Neil Jones

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Realistically eMachines motherboards are cheap pieces of garbage that I would rather bin a fully-working one than use it somewhere else, the performance on them is quite simply dreadful especially on the Celeron processors that they use.
They may well take a P4 but realistically you'll get better performance by replacing the board, memory and processor (and PSU - don't use the eMachines Bestec ones)
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#5
BravoZulu

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^Correct. Most older emachines used tigem (made in Korea) motherboards with Intel systems, however there were some fairtly good AMD systems that eMachines previously had going back to the socket A days they actually used a good Nforce2 FIC mATX variant, and would flash to an 8DRA+ bios, and later in the A64 754 series they used *retail* ATI chipset S754-939 MSI motherboards. The same can't be said for the Intel series though. So yes, in this case I would recommend a carefully picked out budget Bare bones setup with a new MS OS.
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#6
cvswebdesign

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http://www.tigerdire...e...&CatId=1599 $259.99 (Motherboard, Processor and 2GB of RAM)

On the cheaper side....but will still handle your games you'd like to play -
http://www.tigerdire...e...&CatId=1599 $169.99 (Motherboard and Processor) (You would need RAM...supports 2 GB)

http://www.tigerdire...p?EdpNo=3048552 $99.99 (Video Card 8600 GT 256MB DDR3 - VERY GOOD CARD FOR THE PRICE)

Now all you need is a PSU and a CASE.
http://www.tigerdire...e...&CatId=1849 $49.99 (Case with 450 Watt PSU)

So basically for just over $400 bucks you can throw your optical drive and your hard drive into the new system. If you already have Windows XP on your hard drive and have a valid CD Key you can contact Microsoft when you finish your build and let them know you purchased a new motherboard and would like to move your hard drive and copy of Windows XP to the new system. They will give you the authorization key over the phone.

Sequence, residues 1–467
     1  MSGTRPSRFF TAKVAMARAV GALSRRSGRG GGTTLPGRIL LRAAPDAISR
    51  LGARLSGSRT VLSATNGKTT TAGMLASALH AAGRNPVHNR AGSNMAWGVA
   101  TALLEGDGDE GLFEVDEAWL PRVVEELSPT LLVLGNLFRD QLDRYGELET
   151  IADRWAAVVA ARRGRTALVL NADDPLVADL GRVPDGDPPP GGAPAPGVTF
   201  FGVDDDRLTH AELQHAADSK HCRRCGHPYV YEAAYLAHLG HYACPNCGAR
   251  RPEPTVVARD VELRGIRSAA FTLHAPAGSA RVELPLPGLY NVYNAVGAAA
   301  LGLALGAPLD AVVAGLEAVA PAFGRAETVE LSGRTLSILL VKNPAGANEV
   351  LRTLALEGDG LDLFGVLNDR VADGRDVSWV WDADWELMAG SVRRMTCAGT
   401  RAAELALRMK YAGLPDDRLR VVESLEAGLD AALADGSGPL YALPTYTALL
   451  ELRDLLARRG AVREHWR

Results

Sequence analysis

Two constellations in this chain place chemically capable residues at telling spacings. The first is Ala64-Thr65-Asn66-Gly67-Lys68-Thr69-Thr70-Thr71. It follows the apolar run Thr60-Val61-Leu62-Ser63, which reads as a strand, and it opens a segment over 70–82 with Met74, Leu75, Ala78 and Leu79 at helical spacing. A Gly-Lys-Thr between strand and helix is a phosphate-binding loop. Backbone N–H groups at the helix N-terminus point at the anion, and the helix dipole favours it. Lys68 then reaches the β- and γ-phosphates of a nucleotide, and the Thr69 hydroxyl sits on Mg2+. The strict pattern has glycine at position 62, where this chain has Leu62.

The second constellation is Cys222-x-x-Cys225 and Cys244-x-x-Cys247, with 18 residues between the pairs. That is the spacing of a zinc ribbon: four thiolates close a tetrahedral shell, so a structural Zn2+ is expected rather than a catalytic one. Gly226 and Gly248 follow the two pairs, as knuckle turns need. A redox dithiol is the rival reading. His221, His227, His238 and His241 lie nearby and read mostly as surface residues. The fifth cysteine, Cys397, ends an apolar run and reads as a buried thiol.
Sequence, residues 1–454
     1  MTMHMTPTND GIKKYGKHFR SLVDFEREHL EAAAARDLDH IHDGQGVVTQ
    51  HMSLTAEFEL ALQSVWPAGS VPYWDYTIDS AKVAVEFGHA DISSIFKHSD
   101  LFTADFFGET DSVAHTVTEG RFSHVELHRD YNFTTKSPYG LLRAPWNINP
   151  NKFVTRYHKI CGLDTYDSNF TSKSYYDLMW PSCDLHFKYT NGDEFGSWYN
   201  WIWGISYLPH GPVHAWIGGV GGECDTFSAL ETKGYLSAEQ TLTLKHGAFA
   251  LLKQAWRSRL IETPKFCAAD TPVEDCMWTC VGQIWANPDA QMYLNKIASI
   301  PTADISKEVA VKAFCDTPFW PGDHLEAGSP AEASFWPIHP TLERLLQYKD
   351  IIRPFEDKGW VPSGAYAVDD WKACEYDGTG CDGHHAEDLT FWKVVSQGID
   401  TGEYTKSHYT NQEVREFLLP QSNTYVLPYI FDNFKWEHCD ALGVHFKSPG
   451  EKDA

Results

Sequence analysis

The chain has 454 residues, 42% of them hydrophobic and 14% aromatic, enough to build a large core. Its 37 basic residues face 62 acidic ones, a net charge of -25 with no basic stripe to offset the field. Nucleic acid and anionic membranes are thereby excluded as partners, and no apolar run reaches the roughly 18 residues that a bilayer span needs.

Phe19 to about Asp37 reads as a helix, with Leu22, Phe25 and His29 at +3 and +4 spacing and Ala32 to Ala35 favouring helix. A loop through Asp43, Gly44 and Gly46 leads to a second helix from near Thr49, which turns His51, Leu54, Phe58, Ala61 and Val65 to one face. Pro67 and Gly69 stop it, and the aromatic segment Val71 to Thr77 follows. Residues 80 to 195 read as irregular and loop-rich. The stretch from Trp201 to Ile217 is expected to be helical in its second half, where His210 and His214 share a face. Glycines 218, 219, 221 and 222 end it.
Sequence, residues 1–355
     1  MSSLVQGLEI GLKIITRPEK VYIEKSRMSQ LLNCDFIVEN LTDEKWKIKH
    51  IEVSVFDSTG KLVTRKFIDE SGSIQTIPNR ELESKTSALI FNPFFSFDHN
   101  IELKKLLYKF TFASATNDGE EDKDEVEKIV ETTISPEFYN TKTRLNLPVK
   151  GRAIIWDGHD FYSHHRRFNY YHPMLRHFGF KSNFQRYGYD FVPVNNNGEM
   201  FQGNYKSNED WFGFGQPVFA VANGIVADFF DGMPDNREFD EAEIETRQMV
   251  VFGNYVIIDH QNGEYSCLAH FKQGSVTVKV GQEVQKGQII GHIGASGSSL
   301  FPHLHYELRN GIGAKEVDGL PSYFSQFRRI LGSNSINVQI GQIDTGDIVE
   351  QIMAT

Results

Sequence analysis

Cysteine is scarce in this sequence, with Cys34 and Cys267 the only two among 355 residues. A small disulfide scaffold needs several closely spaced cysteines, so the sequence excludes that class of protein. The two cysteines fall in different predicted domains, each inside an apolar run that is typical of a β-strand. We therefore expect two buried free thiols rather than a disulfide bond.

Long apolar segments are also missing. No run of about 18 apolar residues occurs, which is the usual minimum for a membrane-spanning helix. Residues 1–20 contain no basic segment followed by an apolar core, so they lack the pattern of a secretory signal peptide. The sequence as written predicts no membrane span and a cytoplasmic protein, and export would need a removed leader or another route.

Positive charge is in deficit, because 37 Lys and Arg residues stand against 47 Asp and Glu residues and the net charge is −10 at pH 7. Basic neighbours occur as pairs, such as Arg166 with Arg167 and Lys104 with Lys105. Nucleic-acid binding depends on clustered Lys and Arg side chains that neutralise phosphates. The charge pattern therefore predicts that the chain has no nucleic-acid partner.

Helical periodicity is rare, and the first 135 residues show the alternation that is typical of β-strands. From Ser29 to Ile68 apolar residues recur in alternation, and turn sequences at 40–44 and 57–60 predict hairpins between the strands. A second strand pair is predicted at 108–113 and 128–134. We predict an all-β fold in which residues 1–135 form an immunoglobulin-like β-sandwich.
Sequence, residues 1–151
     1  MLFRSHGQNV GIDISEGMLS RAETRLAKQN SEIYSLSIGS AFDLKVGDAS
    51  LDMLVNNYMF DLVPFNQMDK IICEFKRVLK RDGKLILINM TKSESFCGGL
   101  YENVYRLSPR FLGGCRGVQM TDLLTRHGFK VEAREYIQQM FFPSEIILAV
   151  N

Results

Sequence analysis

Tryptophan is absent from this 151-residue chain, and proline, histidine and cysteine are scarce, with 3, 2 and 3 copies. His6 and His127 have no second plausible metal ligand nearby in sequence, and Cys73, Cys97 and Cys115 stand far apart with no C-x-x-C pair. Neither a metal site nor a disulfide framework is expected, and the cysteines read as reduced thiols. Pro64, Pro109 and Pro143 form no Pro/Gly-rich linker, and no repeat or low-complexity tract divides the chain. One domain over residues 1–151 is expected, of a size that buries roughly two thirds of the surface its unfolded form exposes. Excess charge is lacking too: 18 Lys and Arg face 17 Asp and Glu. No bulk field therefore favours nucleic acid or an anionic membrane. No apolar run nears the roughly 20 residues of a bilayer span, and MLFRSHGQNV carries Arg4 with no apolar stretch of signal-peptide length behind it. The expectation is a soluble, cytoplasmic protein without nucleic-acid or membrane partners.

If you need any help or would like any further suggestions please let me know.

Carl

P.S. The motherboard only plays a huge role in your build if you plan on overclocking the living daylights out of your CPU. For an example, the EVGA 680i LTI motheboard with the Intel Core 2 Duo Q6600 can overclock to a very cool 3.2GHz. With the 780i LTI mobo the Q6600 can overclock easily to 3.6GHz. I've done both...of course...the RAM and your cooling system plays a huge role in all of this. If you're just looking to play some simple games....you don't need to get all crazy in the overclockers world.
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#7
Ryan_88

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motherboards are very important in terms of any upgrade!

as your computer will only run as fast as its slowest component! (be it the RAM, CPU, Graphics card or MOBO)